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Ranking the first-round rookie quarterbacks after preseason Week 1

Aug 10, 2018; East Rutherford, NJ, USA; New York Jets quarterback Sam Darnold (14) attempts to pass against Atlanta Falcons during second half at MetLife Stadium.
Well, consensus begins to break down and validity appears to be more a function of personal bias than any definitive standard.
Over the course of time, PFF grades have served us well, not only in describing what took place but also when it comes to predicting what will happen going forward.
I think he has been given something of a pass because of the issues with low snaps and pressure.
PFF Grade when kept clean As our analytics team keep telling us, this is perhaps the biggest predictor of success going forward.
From a stable pocket, he was at least above average for an NFL quarterback and ranked third here.
PFF Grade when under pressure Data generated when pressured is not a particularly stable metric but can often give us a glimpse into what happened in the past, most notably Eli Manning when winning his second Super Bowl when under consistent pressure for nearly the entire playoff run.
Lamar Jackson wasn’t great under pressure but being harried on 58 percent of his dropbacks is a ton and that type of volume is always going to lead to issues even for the best players.
Perhaps the most surprising player in this mix was Josh Allen who easily exceeded his college accuracy number while pushing the ball well downfield – 16.7 yards on average.
While Rosen was the most volatile, much of this was caused by his lower sample size.

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Aug 10, 2018; East Rutherford, NJ, USA; New York Jets quarterback Sam Darnold (14) attempts to pass against Atlanta Falcons during second half at MetLife Stadium. Mandatory Credit: Noah K. Murray-USA TODAY Sports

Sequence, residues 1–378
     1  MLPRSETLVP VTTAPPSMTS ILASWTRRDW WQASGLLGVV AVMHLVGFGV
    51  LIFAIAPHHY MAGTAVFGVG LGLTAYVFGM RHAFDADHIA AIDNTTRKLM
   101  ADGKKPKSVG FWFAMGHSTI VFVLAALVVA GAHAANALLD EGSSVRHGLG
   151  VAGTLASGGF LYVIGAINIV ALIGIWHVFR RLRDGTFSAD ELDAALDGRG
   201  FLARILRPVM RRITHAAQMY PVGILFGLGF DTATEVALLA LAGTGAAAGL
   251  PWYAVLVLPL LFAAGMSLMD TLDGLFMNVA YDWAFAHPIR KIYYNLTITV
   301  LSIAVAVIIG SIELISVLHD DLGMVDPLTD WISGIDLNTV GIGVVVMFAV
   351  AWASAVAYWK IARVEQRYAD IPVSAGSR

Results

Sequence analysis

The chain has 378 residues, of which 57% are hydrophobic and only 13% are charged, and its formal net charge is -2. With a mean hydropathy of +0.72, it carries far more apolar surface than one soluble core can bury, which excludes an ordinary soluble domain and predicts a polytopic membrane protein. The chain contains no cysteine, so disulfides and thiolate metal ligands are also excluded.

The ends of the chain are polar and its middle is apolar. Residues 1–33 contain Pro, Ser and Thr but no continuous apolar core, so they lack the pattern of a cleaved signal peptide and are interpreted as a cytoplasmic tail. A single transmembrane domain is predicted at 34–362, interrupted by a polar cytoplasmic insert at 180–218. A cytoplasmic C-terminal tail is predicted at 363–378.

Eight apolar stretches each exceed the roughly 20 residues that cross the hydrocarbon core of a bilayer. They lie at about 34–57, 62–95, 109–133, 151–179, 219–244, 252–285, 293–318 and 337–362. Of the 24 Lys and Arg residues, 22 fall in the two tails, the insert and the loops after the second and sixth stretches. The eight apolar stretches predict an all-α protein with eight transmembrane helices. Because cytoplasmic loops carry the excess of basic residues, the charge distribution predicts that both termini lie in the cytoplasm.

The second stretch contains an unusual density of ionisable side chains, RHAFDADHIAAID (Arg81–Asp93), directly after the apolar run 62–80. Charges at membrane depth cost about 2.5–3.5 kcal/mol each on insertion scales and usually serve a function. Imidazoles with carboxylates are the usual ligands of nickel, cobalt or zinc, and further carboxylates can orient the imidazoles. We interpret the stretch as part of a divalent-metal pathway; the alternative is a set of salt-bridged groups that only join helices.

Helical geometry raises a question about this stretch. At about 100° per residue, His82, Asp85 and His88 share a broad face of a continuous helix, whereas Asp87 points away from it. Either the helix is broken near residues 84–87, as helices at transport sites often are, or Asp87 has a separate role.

When considering the performances of the five rookie quarterbacks in Week 1 of the NFL preseason, it’s been consistently reported that both Sam Darnold and Baker Mayfield played well. Beyond that? Well, consensus begins to break down and validity appears to be more a function of personal bias than any definitive standard.

Choosing the benchmark on which you judge, as you may expect, creates different results so let’s consider five different metrics and rank the quarterbacks in each.

PFF Grade

We think this is the grand-daddy of them all as it considers every variable that matters. Over the course of time, PFF grades have served us well, not only in describing what took place but also when it comes to predicting what will happen going forward. As you may expect, it gets better with bigger sample sizes, but we’ll go for now with what we have.

This is pretty much as you’d expect with the possible exception of Josh Rosen. I think he has been given something of a pass because of the issues with low snaps and pressure. While it’s important to consider these factors, the bottom line is, he offset the two nice throws he did make with twice as many negative grades.

PFF Grade when kept clean

As our analytics team keep telling us, this is perhaps the biggest predictor of success going forward. All the great quarterbacks generally make hay when the sun shines.

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